October 11, 2006
The efficiency of solar cells today is limited, among other reasons, by the fact that the longwave, low-energy part of the sunlight cannot be used. A process that increases the low level of energy in the light particles (photons) in the longwave range, shortening their wave length, would make it possible for the solar cells to use those parts of light energy that, up to now, have been lost, resulting in a drastic increase in their efficiency. The equivalent has only been achieved previously with high-energy density laser light which, under certain conditions, combines two low-energy photons into one high-energy photon - a kind of photonic fusion.
This is a significant step forward for the scientists at the Max Planck Institute for Polymer Research and at the Sony Materials Science Laboratory. In developing this process, they have succeeded, for the first time, in pairing up photons from normal light, thus altering the wavelength. They used two substances in solution, platinum octaethyl porphyrin and diphenylan-thracene, which converted the longwave green light from a normal light source into shortwave blue light. Similar to the process in laser light, this also pairs up photons, but in a different way.
When a molecule is manipulated by laser light to take up two photons, which is only probable if it is literally bombarded with a laser beam of photons, the molecules in this case only receive one photon. Two photon partners are brought together between the molecules via a different mechanism called triplet-triplet annihilation. By selecting different, corresponding "matchmaker" molecules, it is possible to combine the energy from photons from the entire sunlight spectrum.
The two substances developed by the researchers as "photon matchmakers" have quite different properties. Whereas one serves as an "antenna" for green light (antenna molecule), the other pairs the photons, connecting the two low-energy green photons into one high-energy blue photon, which it transmits as an emitter (emitter molecule).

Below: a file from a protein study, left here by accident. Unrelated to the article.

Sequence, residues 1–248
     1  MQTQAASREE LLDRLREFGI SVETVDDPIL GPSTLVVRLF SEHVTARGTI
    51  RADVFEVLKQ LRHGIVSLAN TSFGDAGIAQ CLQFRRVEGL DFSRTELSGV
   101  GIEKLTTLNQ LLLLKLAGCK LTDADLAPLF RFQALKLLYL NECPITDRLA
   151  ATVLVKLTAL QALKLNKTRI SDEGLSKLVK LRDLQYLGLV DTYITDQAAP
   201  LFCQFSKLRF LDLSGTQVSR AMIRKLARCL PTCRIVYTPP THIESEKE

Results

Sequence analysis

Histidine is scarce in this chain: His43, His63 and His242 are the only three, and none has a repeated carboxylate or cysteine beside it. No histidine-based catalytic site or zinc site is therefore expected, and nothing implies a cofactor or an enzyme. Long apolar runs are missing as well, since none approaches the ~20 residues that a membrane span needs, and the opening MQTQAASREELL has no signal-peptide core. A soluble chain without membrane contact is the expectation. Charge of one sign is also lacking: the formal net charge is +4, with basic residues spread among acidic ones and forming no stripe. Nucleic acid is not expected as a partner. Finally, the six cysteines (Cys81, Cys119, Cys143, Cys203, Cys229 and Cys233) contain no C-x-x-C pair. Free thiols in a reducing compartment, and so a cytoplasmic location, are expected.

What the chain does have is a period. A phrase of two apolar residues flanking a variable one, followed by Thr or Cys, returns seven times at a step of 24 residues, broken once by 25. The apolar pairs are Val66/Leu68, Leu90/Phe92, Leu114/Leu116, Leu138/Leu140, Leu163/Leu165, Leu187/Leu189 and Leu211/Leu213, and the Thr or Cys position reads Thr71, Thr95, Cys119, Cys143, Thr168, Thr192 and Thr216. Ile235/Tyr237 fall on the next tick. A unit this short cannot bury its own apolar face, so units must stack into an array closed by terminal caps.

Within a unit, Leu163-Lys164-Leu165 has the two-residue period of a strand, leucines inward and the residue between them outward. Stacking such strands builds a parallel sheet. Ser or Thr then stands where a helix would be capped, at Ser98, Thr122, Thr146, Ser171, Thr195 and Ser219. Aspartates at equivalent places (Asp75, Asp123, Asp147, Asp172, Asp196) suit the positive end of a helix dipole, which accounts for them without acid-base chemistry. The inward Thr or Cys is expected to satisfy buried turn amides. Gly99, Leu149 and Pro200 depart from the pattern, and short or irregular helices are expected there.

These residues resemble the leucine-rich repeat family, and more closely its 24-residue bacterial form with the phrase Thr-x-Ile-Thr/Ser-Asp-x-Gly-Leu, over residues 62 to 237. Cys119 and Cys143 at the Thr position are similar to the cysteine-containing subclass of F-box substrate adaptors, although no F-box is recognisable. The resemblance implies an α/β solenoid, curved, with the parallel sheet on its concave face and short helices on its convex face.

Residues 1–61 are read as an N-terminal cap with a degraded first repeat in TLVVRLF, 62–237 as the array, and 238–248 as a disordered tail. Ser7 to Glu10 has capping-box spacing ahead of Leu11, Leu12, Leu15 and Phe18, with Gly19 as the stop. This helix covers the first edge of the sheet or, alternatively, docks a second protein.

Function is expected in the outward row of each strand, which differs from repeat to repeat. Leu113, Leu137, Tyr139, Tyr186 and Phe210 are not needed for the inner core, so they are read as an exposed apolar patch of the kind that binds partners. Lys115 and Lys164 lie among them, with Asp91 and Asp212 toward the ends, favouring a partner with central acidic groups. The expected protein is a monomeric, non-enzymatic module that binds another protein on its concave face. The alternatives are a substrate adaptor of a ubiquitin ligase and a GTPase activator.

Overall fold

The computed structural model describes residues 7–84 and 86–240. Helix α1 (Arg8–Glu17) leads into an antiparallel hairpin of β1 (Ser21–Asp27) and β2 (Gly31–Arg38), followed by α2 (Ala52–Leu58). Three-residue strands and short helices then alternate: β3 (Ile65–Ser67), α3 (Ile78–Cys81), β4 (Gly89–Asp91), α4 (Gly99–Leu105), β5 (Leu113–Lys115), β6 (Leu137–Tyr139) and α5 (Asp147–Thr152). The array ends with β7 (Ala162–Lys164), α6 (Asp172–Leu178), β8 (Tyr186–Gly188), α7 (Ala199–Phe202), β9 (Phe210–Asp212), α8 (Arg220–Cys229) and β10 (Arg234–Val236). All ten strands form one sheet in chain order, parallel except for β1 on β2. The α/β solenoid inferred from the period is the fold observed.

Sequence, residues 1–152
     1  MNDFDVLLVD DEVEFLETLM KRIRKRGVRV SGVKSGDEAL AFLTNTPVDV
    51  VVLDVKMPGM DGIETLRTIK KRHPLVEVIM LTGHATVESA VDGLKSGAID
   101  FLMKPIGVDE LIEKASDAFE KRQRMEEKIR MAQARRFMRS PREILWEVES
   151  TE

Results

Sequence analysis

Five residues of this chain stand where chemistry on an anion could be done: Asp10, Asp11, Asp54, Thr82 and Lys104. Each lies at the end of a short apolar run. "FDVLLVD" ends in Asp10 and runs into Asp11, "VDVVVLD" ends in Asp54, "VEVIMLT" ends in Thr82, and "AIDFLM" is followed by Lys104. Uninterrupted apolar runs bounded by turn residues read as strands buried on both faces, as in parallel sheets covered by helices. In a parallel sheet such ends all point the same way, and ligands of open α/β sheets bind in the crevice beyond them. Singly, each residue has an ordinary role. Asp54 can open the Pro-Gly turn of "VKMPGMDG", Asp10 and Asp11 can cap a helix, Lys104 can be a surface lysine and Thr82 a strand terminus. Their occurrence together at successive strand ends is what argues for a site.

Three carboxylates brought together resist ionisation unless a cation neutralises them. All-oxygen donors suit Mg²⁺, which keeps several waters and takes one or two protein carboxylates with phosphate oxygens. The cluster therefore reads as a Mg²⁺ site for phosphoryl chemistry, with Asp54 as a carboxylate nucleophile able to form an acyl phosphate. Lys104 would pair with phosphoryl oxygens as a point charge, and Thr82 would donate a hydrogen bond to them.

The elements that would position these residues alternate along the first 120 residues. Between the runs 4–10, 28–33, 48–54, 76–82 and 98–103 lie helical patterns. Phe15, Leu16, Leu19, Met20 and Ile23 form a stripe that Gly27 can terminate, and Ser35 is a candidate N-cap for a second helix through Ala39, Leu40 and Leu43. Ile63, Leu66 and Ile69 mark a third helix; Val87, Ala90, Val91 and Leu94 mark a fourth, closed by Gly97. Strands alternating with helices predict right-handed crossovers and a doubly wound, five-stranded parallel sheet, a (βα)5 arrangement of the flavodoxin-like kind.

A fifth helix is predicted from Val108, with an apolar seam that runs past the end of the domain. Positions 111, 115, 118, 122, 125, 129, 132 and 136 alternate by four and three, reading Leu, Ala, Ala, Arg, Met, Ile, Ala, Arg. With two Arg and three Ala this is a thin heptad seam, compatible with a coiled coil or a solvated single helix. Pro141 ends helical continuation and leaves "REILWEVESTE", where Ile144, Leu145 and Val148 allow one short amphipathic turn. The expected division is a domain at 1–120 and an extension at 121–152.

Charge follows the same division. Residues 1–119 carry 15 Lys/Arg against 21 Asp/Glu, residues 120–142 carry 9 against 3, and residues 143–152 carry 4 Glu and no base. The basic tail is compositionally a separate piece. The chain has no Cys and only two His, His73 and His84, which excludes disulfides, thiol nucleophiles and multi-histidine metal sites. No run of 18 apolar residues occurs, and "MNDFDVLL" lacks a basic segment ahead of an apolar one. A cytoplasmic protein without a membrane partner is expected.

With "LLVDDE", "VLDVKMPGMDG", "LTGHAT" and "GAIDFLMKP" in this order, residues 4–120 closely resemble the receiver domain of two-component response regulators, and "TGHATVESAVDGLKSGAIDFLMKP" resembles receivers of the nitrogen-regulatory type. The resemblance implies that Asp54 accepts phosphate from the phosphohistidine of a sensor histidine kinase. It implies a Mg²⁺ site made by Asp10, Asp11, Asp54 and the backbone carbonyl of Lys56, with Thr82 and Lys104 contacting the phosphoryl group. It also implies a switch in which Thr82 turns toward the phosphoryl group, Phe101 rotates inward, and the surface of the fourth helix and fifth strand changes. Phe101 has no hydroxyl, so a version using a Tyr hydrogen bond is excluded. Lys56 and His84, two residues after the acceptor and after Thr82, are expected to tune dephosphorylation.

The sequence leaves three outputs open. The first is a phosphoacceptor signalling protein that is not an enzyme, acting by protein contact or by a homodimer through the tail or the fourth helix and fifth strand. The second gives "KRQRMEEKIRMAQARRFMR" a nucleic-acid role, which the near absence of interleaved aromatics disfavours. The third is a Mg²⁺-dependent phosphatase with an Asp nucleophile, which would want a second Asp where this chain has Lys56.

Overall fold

This is what happens in detail: first the antenna molecule absorbs a green low-energy photon and passes it to the emitter molecule as a package of energy. Both molecules store the energy one after the other in "excited" states. Then, two of the energy-loaded emitter molecules react with each other - one molecule passes its energy package to the other. This returns one molecule to its low-energy state. The other, conversely, achieves a very high-energy state that stores the double energy package. This state rapidly collapses when the large energy package is sent out in the form of a blue photon. Although this light particle is of a shorter wave length and higher in energy than the green light emitted initially, the end effect is that no energy is generated, but the energy from two photons is combined into one.
The process is very interesting in chemical terms as the molecules must be carefully matched to allow the energy to be transmitted efficiently, and neither the antenna nor the emitter molecules are allowed to lose their energy through shortcuts. The researchers therefore had to synthesize an antenna molecule that absorbed longwave light and store it for so long that the energy could be transferred to an emitter. Only a complex metal organic compound with a platinum atom in a ring-shaped molecule was suitable for this purpose. The emitter molecule, on the other hand, must be able to take the energy package from the antenna and hold on to it until another excited emitter molecule is found for the subsequent photon fusion.
As this procedure allows previously unused parts of sunlight to be used in solar cells, the scientists are hoping that it offers the ideal starting point for more efficient solar cells. To optimize the process and to bring it closer to an application, they are testing new pairs of substances for other colors in the light spectrum and are experimenting with integrating them in a polymer matrix.